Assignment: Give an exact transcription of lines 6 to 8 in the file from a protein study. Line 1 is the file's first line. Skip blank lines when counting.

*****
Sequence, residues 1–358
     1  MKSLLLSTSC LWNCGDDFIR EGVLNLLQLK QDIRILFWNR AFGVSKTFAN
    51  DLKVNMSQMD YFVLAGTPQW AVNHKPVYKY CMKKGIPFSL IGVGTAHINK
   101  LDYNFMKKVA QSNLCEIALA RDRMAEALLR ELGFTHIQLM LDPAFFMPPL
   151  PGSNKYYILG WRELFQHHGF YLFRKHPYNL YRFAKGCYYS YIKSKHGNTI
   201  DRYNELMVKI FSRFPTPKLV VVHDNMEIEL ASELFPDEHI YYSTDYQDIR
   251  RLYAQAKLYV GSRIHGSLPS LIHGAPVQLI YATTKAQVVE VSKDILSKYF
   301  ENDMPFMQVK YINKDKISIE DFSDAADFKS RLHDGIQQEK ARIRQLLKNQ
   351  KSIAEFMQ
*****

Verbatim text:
   201  DRYNELMVKI FSRFPTPKLV VVHDNMEIEL ASELFPDEHI YYSTDYQDIR
   251  RLYAQAKLYV GSRIHGSLPS LIHGAPVQLI YATTKAQVVE VSKDILSKYF
   301  ENDMPFMQVK YINKDKISIE DFSDAADFKS RLHDGIQQEK ARIRQLLKNQ